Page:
Inside the real estate consolidation game plan

Shared: June 15, 2021

By: Paul Hagey

The industry is consolidating at an increasing clip, and the strategy by companies vying for the top of the future leaderboard is becoming clearer. This article outlines the game plan by looking into one of its newest player employing the strategy.

In May, Rick Davidson, a three-decade industry veteran who led Century 21 Real Estate as president and CEO from 2010 to 2017, acquired the fast-growing brokerage and franchise brand JP and Associates Realtors (JPAR) with his new holding company, Cairn Real Estate Holdings, backed by private equity firm, Aperion Management.

With over $4.4 billion in 2020 sales volume and over 15,000 sides, JPAR, founded in 2011, was the nation’s 53rd largest brokerage in 2020, according to the Real Estate Almanac. Its new franchise operation, operating under the same brand name, was the nation’s 25th largest franchise brand in 2020, with a 2020 sales volume of $5.6 billion on nearly 19,800 transaction sides.

The acquisition of JPAR, which operates an agent flat-fee model in which agents at the brokerage and its franchisees pay set fees and keep 100 percent of the commission, is part of Davidson’s vision to build a new national holding enterprise of multiple brands, models and brokerages powered by a single backend tech platform and suite of ancillary services.

Davidson’s move fits a long-developing industry consolidation strategy fueled by outsized capital from public markets, venture capital, private equity and massive corporations as they look to compete for dominance in real estate’s next era with a centralized tech platform, a streamlined ancillary services program and the size that supports great economies of scale.

Established real estate enterprises like Realogy, HomeServices of America, Keller Williams Realty and RE/MAX are aggressively pursuing this national scaled strategy as an increasing number of newer companies (formed since 2000) such as Redfin, Compass, eXp Realty, Opendoor, Realty One Group, HomeSmart and United Real Estate are growing faster than the more established brokerage companies.

T3 Sixty spoke with Davidson to clarify his vision and the opportunity he sees, and, in doing so, sheds light on the macro forces pushing real estate rapidly into the future.

The rise of giant real estate

The industry’s future will undoubtedly be dominated by fewer, larger companies who have the economies of scale and resources to serve modern consumers and workflows and withstand commission compression and other industry trends, and Davidson and others are acting on this.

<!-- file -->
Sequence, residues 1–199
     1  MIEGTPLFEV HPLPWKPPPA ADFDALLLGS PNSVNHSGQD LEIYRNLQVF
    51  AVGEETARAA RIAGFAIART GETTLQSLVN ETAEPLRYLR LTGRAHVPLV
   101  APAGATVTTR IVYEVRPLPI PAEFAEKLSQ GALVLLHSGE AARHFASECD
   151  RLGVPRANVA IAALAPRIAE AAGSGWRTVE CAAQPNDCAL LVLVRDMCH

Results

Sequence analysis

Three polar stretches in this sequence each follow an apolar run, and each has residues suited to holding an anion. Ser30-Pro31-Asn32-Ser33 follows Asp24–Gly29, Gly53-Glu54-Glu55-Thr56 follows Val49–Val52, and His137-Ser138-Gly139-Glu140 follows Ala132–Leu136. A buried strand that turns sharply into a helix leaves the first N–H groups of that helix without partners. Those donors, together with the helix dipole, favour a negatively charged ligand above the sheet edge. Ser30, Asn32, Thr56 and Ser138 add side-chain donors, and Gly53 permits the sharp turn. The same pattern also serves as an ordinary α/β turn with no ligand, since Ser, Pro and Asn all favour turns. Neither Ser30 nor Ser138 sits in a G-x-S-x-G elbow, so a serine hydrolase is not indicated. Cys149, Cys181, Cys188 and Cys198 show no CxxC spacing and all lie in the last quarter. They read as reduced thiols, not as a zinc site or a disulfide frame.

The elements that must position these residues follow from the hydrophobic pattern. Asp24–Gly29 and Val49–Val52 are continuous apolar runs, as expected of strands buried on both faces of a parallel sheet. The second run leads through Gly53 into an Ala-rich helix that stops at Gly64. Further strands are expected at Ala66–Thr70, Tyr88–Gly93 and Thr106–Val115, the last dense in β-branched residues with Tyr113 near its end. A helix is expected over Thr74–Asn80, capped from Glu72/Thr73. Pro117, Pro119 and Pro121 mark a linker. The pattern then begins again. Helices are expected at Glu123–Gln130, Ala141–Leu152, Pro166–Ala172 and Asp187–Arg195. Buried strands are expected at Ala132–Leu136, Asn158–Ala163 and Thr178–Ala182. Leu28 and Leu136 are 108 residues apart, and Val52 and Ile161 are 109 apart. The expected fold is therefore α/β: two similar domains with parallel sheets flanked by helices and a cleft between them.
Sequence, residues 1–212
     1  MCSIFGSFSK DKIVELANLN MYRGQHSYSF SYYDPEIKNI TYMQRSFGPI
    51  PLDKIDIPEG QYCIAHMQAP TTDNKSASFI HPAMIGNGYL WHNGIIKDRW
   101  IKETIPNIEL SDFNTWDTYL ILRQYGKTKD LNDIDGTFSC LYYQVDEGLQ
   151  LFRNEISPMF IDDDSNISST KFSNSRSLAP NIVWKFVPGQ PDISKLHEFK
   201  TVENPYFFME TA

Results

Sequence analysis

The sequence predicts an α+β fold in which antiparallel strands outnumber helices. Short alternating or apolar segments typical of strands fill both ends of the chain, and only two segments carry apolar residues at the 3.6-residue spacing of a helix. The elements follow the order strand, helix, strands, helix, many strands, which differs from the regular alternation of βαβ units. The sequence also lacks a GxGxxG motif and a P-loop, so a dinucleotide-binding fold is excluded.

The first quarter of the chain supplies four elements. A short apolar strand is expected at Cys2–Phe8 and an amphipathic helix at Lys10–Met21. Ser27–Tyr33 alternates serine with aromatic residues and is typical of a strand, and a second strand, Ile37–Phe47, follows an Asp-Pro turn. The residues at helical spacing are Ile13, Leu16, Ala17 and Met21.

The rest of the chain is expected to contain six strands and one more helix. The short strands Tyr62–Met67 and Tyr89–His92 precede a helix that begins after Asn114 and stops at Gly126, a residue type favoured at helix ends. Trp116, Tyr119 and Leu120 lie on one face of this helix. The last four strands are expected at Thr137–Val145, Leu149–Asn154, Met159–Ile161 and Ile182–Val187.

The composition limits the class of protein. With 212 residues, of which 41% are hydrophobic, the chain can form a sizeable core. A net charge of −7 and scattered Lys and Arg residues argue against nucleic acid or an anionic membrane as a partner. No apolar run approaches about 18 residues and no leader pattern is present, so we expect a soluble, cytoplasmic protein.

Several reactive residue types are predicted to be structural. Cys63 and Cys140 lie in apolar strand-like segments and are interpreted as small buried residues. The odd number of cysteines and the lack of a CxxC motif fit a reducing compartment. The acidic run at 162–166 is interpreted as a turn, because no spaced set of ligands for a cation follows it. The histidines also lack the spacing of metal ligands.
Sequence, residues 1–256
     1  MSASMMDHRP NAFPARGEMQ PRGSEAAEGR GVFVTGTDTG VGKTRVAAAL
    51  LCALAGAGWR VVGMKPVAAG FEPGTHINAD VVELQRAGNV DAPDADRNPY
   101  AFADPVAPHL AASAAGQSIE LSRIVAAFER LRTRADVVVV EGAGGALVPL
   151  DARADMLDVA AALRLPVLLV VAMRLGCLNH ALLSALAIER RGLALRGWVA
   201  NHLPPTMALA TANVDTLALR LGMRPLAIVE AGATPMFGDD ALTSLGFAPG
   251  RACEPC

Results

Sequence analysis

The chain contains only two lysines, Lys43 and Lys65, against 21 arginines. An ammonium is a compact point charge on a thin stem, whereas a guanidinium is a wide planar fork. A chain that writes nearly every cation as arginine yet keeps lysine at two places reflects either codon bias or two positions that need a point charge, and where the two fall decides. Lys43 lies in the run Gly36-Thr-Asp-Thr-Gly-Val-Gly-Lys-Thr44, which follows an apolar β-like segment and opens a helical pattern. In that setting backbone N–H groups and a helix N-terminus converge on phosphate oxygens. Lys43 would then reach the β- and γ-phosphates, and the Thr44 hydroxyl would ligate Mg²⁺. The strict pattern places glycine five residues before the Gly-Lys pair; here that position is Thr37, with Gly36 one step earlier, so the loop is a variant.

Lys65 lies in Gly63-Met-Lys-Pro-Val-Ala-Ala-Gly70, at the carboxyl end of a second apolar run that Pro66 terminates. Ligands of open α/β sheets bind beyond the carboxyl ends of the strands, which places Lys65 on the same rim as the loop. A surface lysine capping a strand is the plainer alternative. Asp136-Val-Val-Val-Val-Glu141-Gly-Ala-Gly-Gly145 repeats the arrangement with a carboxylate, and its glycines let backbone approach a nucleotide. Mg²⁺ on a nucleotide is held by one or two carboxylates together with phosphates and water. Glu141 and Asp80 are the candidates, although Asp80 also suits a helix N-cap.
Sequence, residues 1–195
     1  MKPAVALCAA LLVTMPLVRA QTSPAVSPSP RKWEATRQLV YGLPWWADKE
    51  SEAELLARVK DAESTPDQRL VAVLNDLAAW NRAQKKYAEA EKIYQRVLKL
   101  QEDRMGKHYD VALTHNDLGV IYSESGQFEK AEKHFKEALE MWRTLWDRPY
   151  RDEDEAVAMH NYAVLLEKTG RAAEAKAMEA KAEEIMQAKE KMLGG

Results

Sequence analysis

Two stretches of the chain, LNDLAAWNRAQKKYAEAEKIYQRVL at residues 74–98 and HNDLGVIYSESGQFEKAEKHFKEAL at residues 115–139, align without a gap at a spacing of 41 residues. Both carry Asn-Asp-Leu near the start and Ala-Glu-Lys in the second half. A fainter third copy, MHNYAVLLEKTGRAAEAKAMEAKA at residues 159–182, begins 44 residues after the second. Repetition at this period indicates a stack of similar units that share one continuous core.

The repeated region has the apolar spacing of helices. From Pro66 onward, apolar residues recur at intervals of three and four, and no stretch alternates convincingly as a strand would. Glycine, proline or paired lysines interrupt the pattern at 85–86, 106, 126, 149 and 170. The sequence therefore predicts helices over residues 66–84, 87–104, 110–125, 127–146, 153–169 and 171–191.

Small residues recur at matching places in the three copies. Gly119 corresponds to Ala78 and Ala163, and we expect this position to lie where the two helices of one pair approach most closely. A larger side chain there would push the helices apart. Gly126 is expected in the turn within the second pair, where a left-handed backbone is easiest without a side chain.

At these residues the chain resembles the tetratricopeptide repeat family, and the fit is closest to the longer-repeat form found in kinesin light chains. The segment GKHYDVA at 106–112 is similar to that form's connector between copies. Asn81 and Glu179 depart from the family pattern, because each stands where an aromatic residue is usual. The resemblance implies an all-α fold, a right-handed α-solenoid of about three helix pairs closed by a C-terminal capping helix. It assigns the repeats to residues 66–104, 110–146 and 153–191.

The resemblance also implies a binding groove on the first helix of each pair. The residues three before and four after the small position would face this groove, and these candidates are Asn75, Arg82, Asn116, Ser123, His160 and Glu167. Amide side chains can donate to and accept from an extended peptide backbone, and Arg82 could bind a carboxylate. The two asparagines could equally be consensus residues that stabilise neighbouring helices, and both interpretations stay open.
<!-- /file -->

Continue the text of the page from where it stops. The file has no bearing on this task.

Data from T3 Sixty’s Real Estate Almanac – which reports brokerage, franchise brand and enterprise production each year – clearly shows how the industry is consolidating. (Visit for official stats on all the largest brokerages nationwide).

From 2018 to 2020, the nation’s 20 largest real estate enterprises – which encompass both the brokerage and franchise arms – grew their existing home sales volume market share from 51.4 percent to 54.9 percent, according to the research. Market share is determined by comparing company sales volume obtained from T3 surveys and analysis against the total number of existing home sales volume as reported by NAR.

In that same time period, the nation’s 1,000 largest brokerages grew market share to 52.2 percent, capturing over half of the nation’s existing home sales volume for the first time in 2020.

Source: 2021 Real Estate Almanac. Market share determined by comparing company sales volume to the total existing-home sales volume.

The increase in real estate brokerage and tech companies going public and consolidating suggests that this graph will increasingly shift up and to the right as the years progress. Davidson and many of these investors and leaders are betting on this.

The rollup vision

If the total number of brokerages is 86,000 (best estimate), that means that 85,000 brokerages do 47.8 percent of the production, while 1,000 brokerages do 52.2 percent. This illustrates how much of the market smaller companies still command.

This is the fragmented market, investors and entrepreneurs like Davidson are now looking to roll up. Davidson (and others pursuing this strategy) see an opportunity to help aging broker-owners who don’t have workable succession plans in place with an option to exit gracefully. (Reach out to Michele Conn, head of T3’s M&A division, at to explore your options if you find yourself in this position).

A multiplicity of approaches

The overall vision involves enabling brokerages with technological sophistication and connecting them on one platform with ancillary services and other brokerages in an increasingly national operation. Companies have different approaches here. Compass, Redfin and Keller Williams Realty are building and acquiring their own technology platforms while Realogy, HomeServices of America and eXp Realty are pursuing open systems.

Davidson’s tech vision for Cairn lies squarely with the latter companies. Cairn plans to build a platform that integrates with other industry technologies via application programming interface connections.

One element of his approach, however, stands out. Instead of operating a single brokerage model, he wants to acquire multiple companies with multiple brands and models from discount to traditional to employee to 100 percent commission like JPAR. “If you choose a lane, you’re limited,” Davidson said.


The game plan is becoming increasingly clear for companies looking to top the industry’s future leaderboard – build a large national footprint, have a companywide tech platform, integrate ancillary services into the core business plan and have access to lots of cash, either through public markets, company reserves, private equity or venture capital.

Source: 2021 Real Estate Almanac. Market share determined by comparing company sales volume to the total existing home sales volume.